Following the example set by Sir Harold, the Foundation has funded two major pieces of research into blindness.
Between 2000-2003 we funded a study into Age Related Macular Degeneration (ARMD). This research was carried out by Professor David Wong at the Royal Liverpool and Victoria Hospital in Liverpool. Age-related macular degeneration (AMD) is a common condition that affects the middle part of your vision. It usually first affects people in their 50s and 60s.
From 2006 to 2009 we funded a 3-year study into Behcets Disease in conjunction with the St John of Jerusalem Eye Hospital in East Jerusalem. Behçet’s disease, or Behçet’s syndrome, is a rare and poorly understood condition that results in inflammation of the blood vessels and tissues.
Snake venom ophthalmia
Writing as Major Harold Ridley, he published in 1944 a short paper in the British Journal of Ophthalmology on spitting snakes and an account on the composition and action of snake venom in general. From his own experiences in the Gold Coast, Ridley described snake venom ophthalmia in a 30-year-old labourer named Gogi Kumasi who was cutting grass when a Black-necked cobra raised its head from the grass and forcibly spat venom toward the man’s right eye from a distance of four or five feet. Ridley treated the man and followed his case until the eye had fully recovered, after about a week. After discussion on the therapeutic uses of snake venom, he conjectured that in the future diluted venom or a constituent of venom might be used as a powerful anaesthetic in some cases of ophthalmic surgery.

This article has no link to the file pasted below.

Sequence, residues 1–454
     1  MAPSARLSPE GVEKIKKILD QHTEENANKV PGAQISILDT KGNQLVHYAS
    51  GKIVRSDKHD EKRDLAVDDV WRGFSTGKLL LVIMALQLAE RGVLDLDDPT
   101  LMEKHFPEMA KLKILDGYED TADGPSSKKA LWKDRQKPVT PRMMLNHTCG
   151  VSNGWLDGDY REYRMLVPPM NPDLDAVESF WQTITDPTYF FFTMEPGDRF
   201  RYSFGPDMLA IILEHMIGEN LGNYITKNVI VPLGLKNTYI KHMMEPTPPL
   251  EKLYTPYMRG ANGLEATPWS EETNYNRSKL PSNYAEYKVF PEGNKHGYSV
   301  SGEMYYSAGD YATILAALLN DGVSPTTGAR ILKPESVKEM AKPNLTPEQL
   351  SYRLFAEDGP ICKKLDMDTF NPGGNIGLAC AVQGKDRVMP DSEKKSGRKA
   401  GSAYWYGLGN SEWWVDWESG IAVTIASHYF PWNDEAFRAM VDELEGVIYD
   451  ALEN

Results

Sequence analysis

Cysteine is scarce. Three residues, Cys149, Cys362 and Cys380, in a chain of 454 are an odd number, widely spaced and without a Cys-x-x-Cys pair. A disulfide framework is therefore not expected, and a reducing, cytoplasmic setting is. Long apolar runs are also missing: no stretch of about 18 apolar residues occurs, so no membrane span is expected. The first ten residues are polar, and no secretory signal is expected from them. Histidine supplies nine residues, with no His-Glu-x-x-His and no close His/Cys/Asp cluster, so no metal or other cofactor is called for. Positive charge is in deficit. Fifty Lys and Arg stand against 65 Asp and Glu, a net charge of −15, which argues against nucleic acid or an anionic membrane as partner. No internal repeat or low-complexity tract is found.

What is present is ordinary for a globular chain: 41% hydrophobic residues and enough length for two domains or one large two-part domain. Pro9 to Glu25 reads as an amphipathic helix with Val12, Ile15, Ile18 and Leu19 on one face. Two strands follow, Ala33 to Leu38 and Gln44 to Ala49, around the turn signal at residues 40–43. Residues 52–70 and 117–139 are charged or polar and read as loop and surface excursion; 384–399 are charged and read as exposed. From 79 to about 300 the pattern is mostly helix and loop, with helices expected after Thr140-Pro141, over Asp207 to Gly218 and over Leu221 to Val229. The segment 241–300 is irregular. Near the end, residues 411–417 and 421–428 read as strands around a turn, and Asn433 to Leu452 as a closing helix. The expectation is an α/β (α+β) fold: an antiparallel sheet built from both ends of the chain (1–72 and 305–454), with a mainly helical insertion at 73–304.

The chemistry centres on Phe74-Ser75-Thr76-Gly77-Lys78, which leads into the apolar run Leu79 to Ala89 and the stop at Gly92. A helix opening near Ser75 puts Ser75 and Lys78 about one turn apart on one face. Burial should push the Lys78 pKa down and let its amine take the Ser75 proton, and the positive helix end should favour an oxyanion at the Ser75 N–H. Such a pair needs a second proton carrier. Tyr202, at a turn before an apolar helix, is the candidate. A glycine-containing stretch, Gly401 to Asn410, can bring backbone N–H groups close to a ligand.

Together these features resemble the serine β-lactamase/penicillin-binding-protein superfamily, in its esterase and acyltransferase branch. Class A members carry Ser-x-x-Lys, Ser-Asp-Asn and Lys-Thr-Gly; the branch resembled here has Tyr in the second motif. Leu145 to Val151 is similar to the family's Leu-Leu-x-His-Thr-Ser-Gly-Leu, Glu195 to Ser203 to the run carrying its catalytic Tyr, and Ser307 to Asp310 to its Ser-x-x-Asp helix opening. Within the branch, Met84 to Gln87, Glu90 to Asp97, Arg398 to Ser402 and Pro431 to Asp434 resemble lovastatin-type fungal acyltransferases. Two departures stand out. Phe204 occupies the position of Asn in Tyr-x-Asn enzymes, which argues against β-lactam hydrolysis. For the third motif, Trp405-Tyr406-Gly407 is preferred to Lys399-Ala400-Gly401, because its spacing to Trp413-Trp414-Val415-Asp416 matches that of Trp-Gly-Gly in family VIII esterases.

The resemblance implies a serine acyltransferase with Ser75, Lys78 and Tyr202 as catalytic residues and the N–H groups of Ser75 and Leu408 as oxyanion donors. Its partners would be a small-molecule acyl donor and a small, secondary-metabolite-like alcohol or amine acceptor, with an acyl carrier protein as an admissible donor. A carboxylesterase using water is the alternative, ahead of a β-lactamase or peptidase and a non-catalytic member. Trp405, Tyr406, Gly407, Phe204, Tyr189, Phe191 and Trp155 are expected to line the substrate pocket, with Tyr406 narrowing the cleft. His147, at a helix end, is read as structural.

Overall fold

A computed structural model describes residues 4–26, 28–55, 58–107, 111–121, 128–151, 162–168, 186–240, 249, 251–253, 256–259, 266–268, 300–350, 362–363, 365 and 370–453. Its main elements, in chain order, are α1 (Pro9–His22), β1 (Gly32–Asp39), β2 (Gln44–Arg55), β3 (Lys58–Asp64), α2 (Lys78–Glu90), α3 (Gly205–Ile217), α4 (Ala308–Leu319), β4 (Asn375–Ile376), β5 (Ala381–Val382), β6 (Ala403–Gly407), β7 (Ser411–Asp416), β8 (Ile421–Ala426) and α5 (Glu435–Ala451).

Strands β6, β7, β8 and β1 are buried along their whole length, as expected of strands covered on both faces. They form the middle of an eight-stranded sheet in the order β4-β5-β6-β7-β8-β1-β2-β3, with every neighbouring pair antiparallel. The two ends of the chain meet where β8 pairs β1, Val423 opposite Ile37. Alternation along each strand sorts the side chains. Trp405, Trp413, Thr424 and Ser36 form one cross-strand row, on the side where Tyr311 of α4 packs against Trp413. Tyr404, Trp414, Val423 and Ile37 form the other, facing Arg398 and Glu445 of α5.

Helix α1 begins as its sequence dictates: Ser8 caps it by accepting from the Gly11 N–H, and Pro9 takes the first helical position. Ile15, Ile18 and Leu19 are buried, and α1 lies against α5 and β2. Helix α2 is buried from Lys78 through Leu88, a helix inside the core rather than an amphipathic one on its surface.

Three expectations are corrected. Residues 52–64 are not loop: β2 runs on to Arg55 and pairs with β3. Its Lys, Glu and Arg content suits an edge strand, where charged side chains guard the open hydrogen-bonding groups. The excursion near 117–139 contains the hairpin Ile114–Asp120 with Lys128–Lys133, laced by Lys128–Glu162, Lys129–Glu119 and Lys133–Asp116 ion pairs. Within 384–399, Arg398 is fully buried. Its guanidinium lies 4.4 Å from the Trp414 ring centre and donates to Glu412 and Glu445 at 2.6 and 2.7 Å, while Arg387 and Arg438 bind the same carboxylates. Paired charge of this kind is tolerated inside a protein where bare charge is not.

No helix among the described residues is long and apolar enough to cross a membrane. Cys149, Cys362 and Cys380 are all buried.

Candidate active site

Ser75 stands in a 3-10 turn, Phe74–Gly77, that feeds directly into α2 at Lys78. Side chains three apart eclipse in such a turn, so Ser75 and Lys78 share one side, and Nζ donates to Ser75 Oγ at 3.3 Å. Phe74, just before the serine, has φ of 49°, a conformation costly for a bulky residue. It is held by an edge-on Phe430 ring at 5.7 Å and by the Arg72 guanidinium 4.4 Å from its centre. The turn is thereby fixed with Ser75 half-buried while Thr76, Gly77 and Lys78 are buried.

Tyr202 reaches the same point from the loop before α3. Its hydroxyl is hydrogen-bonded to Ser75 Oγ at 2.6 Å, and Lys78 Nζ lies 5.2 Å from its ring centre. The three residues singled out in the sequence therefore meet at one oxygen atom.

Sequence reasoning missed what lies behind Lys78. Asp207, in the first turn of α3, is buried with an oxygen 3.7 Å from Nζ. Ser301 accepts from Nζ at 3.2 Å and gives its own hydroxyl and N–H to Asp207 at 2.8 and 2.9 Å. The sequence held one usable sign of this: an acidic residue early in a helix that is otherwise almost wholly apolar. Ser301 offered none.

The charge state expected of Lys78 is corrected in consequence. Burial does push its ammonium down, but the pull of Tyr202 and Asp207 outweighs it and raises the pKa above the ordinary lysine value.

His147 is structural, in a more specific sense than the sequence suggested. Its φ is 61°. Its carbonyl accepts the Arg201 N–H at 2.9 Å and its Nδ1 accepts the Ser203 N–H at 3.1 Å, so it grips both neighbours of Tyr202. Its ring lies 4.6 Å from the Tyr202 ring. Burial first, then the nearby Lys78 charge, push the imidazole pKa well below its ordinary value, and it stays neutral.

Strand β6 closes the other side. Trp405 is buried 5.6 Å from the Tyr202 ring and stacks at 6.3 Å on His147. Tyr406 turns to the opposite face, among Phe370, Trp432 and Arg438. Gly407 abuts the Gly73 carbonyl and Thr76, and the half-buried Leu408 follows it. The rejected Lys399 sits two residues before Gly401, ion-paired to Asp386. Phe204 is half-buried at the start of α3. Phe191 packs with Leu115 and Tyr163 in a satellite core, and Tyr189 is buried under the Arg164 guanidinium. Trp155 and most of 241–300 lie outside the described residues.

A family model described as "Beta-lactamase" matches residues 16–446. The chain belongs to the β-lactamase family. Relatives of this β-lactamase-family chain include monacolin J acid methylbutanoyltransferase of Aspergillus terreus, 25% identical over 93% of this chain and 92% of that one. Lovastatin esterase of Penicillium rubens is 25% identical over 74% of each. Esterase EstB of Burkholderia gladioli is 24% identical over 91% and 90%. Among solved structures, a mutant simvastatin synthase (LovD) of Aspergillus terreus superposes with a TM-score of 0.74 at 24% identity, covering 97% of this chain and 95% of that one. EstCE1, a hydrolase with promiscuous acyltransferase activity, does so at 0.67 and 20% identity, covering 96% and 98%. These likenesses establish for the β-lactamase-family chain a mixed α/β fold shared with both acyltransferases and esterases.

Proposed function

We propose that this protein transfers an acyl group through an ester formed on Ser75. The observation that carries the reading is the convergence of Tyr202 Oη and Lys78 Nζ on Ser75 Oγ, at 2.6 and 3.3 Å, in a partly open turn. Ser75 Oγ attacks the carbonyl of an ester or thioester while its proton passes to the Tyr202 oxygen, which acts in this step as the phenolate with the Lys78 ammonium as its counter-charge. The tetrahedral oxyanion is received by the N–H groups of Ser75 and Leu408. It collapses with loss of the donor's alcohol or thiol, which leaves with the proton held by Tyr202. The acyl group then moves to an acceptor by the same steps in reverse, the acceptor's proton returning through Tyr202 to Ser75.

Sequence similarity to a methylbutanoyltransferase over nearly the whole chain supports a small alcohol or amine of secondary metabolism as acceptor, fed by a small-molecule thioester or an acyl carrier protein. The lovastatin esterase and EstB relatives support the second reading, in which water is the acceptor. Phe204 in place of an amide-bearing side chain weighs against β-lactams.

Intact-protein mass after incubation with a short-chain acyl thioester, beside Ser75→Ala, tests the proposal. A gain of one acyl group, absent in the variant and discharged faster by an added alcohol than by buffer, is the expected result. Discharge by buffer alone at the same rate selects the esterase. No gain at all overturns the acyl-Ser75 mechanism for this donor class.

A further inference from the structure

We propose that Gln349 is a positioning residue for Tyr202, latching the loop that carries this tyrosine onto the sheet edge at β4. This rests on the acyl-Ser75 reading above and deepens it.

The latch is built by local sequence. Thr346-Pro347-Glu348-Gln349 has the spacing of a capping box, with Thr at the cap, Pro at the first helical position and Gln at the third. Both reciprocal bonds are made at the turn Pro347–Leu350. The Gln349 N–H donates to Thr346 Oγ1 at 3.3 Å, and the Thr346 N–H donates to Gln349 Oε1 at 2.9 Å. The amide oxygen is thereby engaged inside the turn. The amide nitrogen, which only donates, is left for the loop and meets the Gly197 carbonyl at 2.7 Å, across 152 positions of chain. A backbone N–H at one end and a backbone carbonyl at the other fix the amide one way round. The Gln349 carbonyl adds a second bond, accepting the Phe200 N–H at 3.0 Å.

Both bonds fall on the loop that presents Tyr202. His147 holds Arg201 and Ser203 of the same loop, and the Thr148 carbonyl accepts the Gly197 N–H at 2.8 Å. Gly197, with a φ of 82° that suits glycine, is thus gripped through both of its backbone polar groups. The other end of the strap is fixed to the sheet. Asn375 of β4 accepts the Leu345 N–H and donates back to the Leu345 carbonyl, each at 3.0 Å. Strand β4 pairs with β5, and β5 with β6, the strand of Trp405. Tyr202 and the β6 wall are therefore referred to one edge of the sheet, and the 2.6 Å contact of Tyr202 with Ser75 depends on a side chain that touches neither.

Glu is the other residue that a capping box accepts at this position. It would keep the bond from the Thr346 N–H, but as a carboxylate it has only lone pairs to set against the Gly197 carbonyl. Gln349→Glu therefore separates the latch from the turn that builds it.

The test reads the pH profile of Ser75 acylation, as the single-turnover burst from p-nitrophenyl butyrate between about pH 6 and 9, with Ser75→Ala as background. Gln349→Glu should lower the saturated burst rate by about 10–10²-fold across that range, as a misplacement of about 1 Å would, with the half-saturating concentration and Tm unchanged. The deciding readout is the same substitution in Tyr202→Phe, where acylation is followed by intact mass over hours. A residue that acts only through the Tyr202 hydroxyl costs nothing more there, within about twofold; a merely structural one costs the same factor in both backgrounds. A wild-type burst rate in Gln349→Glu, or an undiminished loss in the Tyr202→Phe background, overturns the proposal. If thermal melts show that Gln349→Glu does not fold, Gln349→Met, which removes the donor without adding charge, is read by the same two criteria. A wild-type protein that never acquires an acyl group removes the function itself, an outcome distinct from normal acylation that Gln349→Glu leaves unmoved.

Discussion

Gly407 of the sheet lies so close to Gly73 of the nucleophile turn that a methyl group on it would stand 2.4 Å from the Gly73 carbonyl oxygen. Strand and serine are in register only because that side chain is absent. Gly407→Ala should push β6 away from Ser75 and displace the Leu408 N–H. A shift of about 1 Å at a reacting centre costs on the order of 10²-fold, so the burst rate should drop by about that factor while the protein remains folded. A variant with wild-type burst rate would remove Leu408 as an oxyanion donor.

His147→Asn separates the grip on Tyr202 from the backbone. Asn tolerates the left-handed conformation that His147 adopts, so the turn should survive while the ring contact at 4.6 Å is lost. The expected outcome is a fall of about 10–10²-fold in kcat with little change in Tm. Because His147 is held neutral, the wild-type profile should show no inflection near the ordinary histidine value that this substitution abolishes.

After completing 18 months in Ghana, in 1944 Ridley was transferred to India and then Burma, where he studied and treated malnourished former prisoners of war. His biographer David Apple reports Ridley’s own words: “I was transferred to Rangoon, Burma, where life began again. I treated over 200 released allied prisoners of war in Rangoon and Singapore who suffered from nutritional amblyopia while Japanese prisoners of war. Many of the prisoners had worked on the Burma Railway. Starved and ill treated, they had developed sudden central scotoma, relieved by good diet if available. Some developed optic atrophy, some of whom made a partial recovery within six weeks of release. However, the advanced cases, though given a vitamin-rich diet were irreversible. I subsequently wrote an article on the topic of nutritional amblyopia.” The therapy he used anticipates the use today of multivitamins in ARMD patients. A logical therapy since the problems arise from malnutrition. Ridley used multivitamin therapy, returned them to a normal diet and then noted improvement in the prisoners’ condition. The Burma theatre of war permitted the first large population study of individuals with nutritional amblyopia: a total of over 500 returned prisoners within his region of whom about 200 he personally examined and treated.